Things You Need to Know About ISBN Numbers via BiblioCrunch

I don’t normally run excerpts from other posts on the Digireado blog as I prefer to have original content. Every now and again though I come across something that is important to share.

I covered the BiblioCrunch Book Marketplace in this post, and their blog for self publishers has some great content – I’ve also added them to the Digital Gurus page if you want all their details.

Because BiblioCrunch is US-based I’ll just mention a couple of points relevant to our region:
  • In Australia ISBN’s are managed by Thorpe-Bowker.
  • For your initial registration you will need to pay a fee of A$55. This is a once-only fee.
  • After that, fees are as listed on this link – ie A$40 for one ISBN, and $80 for a block of ten. I strongly recommend purchasing a block of ten in order to assign different ISBN’s as listed in the post on BiblioCrunch.
  • In New Zealand the National Library is responsible for ISBN allocation –  please see this link.
  • Happily for New Zealand authors and publishers, these ISBN’s are allocated free – although digital editions (for ebooks) are required to be emailed to them or physical editions mailed to the Legal Deposit Office at the National Library.

Excerpt from BiblioCrunch Self Publishing Blog: – Things You Need to Know About ISBN Numbers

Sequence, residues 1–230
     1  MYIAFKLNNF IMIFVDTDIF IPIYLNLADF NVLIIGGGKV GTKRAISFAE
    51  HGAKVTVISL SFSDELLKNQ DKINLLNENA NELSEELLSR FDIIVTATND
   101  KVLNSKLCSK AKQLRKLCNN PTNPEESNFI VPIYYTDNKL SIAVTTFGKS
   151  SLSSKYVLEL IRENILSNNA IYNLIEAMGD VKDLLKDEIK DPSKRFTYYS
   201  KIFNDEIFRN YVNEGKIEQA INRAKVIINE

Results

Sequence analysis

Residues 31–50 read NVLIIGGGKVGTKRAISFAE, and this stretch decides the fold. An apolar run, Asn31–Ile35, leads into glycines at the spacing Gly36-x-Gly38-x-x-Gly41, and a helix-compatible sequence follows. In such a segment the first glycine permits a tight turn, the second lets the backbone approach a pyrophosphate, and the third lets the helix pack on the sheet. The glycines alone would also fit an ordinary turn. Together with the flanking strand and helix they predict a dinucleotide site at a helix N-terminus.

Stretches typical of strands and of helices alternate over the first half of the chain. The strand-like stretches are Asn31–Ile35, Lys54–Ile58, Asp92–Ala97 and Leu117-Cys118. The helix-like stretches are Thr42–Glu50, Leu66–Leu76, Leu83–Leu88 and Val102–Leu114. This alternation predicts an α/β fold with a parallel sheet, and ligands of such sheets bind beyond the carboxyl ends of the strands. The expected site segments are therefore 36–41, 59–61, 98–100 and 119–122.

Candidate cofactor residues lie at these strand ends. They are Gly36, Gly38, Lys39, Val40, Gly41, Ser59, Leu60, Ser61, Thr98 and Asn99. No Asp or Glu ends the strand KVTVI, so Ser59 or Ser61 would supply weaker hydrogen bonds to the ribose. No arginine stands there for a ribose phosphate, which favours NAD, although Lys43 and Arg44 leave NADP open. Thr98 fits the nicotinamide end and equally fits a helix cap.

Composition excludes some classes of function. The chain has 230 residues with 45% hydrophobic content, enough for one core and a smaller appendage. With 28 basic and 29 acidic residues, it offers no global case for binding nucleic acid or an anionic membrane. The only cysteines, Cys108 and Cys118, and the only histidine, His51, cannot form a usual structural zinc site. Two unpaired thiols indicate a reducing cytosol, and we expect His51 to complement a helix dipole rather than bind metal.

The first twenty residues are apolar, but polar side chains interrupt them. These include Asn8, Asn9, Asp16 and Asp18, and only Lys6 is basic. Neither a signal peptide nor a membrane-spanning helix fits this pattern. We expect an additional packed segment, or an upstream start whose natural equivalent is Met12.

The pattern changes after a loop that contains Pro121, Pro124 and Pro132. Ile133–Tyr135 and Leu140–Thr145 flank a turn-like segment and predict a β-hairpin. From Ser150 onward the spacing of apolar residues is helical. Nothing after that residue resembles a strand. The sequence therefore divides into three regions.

Did you know that having an ISBN number ups your rank in Google? Or that there is no such thing as an eISBN? A lot of the authors we work with ask whether they need an ISBN? We had a chance to speak to Laura Dawson of Bowker, the company that distributes ISBNs, to get the down and dirty on these elusive numbers.

1) In essence, what is an ISBN?
An ISBN (International Standard Book Number) identifies a particular book in a particular format. It is 13 digits, and starts with 978 or 979. The final digit is a checksum that’s calculated based on the preceding digits.

2) Who should get an ISBN for their book?
Anyone publishing a book that wants the book to be openly traded (outside a walled garden like Amazon) and/or counted in book industry statistical analyses. Also, if you are interested in your book listings being found on the open web (via Google, for example), search engines prioritize books with ISBNs in search results.

Click here to read the rest of this post, including why you can’t use one ISBN for all your book formats on the BiblioCrunch Self Publishing blog!

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4 thoughts on “Things You Need to Know About ISBN Numbers via BiblioCrunch

    • Thanks for taking the time to comment Jessica! Hope you and your family have a wonderful Christmas and hope our paths cross in 2013 – online or offline! Anna

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